It seems as if launching a tablet loaded with a half-baked Honeycomb OS (Android 3.0) may have backfired for Motorola.
First off, Honeycomb was released without (initial) Flash support.
Then, as we recently reported, the Android Market (still) only offers between 17-50 Honeycomb-specific apps.
This is quite a pathetic figure, really, especially if you think about all the iOS apps specially optimized for Apple's shiny iPad 2.
Of course, the Xoom's over-blown $800 price tag didn't exactly help Motorola's cause either.
Seriously, what were the clueless (and useless) marketing suits and ties at Motorola thinking?
If you don't have the ecosystem, at least lower the damn price so you can more effectively compete against Apple.
So, yes, it really comes as little surprise to me that Pacific Crest analyst James Faucette confirmed what many in the industry have long suspected: the Xoom tablet isn't faring well at all.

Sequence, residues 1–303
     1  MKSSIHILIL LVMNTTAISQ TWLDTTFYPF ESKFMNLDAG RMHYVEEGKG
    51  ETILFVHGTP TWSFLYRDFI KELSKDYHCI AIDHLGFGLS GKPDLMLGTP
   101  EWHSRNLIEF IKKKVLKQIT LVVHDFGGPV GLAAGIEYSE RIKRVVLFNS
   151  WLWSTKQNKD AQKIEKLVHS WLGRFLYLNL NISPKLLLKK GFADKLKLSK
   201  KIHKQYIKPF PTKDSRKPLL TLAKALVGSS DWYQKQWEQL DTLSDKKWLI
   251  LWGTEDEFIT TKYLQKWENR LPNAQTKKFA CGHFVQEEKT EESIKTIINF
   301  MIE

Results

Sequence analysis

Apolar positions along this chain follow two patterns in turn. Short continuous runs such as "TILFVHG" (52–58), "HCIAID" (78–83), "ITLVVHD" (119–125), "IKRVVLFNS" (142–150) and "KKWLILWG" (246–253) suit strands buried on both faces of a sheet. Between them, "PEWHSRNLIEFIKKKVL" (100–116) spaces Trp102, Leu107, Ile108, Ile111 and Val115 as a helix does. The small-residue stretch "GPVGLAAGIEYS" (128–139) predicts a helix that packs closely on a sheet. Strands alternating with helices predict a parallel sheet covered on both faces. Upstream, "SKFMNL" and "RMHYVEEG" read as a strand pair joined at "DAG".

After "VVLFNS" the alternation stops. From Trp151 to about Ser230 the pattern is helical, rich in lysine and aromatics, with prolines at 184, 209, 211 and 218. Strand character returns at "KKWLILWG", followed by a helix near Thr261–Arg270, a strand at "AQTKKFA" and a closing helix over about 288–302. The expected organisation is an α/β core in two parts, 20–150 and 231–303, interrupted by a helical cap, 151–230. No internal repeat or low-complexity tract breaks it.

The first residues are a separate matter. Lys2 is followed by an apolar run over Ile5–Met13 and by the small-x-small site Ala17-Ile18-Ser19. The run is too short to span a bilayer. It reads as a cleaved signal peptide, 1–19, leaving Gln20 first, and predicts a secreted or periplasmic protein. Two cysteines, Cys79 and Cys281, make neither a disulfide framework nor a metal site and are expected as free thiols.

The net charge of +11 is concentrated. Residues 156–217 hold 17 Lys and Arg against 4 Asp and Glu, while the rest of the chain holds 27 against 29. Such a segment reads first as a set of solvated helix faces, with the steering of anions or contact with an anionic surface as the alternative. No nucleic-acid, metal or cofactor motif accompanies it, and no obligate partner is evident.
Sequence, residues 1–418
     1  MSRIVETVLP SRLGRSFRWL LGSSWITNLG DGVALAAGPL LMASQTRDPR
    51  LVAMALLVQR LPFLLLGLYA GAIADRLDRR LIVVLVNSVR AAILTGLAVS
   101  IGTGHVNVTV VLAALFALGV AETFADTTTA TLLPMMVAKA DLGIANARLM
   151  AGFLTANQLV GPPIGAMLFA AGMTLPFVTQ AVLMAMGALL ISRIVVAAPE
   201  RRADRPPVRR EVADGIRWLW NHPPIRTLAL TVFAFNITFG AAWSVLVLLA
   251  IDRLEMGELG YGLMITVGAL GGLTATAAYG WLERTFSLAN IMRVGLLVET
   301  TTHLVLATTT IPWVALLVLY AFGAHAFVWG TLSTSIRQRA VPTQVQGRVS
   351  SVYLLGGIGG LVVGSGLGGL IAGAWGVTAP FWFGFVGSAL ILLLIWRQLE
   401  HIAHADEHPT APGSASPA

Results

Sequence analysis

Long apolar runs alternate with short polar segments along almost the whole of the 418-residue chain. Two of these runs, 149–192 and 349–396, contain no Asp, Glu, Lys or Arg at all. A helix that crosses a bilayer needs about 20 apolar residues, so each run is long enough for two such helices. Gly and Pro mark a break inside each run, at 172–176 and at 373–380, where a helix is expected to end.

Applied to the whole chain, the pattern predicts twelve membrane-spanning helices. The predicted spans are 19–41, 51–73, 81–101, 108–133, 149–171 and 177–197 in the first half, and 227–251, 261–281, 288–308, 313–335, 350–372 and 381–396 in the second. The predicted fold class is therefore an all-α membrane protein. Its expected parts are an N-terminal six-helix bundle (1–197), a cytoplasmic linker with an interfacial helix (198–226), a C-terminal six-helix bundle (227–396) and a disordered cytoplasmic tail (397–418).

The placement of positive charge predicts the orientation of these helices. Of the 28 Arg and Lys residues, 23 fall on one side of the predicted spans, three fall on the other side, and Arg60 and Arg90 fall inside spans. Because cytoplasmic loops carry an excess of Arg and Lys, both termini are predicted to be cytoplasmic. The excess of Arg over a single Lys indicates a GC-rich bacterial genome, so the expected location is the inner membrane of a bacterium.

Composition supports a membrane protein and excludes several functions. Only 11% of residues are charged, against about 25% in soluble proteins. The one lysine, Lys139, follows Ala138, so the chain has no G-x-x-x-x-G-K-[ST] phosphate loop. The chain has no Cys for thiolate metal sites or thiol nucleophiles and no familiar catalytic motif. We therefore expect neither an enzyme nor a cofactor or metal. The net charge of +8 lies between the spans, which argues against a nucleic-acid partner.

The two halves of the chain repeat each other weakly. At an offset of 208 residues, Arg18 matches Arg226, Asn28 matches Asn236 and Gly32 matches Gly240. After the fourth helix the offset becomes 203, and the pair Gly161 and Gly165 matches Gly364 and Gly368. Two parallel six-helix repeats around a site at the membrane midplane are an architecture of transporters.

Neither, for that matter, is Motorola's Atrix smartphone, as it just can't seem to compete against the price points set for Apple's 3GS and HTC's Inspire.
Faucette - who termed sales of both the Xoom and Atrix "disappointing" - also axed his 2011 revenue forecast for the company to $12.2 billion from $13.7 billion, cutting his profit projection to 64 cents, from 94 cents.
In addition, the analyst emphasized there could be further "downside risk" to 2011 and 2012 estimates - unless the company "quickly adjusted and refreshed" its product portfolio.
"[Motorola must] substantially differentiate [itself] from the rest of the pack. If they fail to do so, we believe shareholders may be looking at another meaningful step down," he added.
I don't suppose anyone at Motorola will take my suggestion seriously, but hey, if there is a stuffy corporate hack reading this, you may want to try regaining your mobile mojo by lowering your prices - before it's too late.